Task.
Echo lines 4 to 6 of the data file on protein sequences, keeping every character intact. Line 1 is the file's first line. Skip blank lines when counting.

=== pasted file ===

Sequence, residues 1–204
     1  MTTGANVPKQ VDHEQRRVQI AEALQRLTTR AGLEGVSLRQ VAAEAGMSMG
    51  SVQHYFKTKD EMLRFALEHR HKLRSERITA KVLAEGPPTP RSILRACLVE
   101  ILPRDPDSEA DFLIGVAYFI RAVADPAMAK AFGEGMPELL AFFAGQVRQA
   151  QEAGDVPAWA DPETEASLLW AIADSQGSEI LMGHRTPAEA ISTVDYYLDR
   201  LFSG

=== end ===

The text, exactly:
   101  ILPRDPDSEA DFLIGVAYFI RAVADPAMAK AFGEGMPELL AFFAGQVRQA
   151  QEAGDVPAWA DPETEASLLW AIADSQGSEI LMGHRTPAEA ISTVDYYLDR
   201  LFSG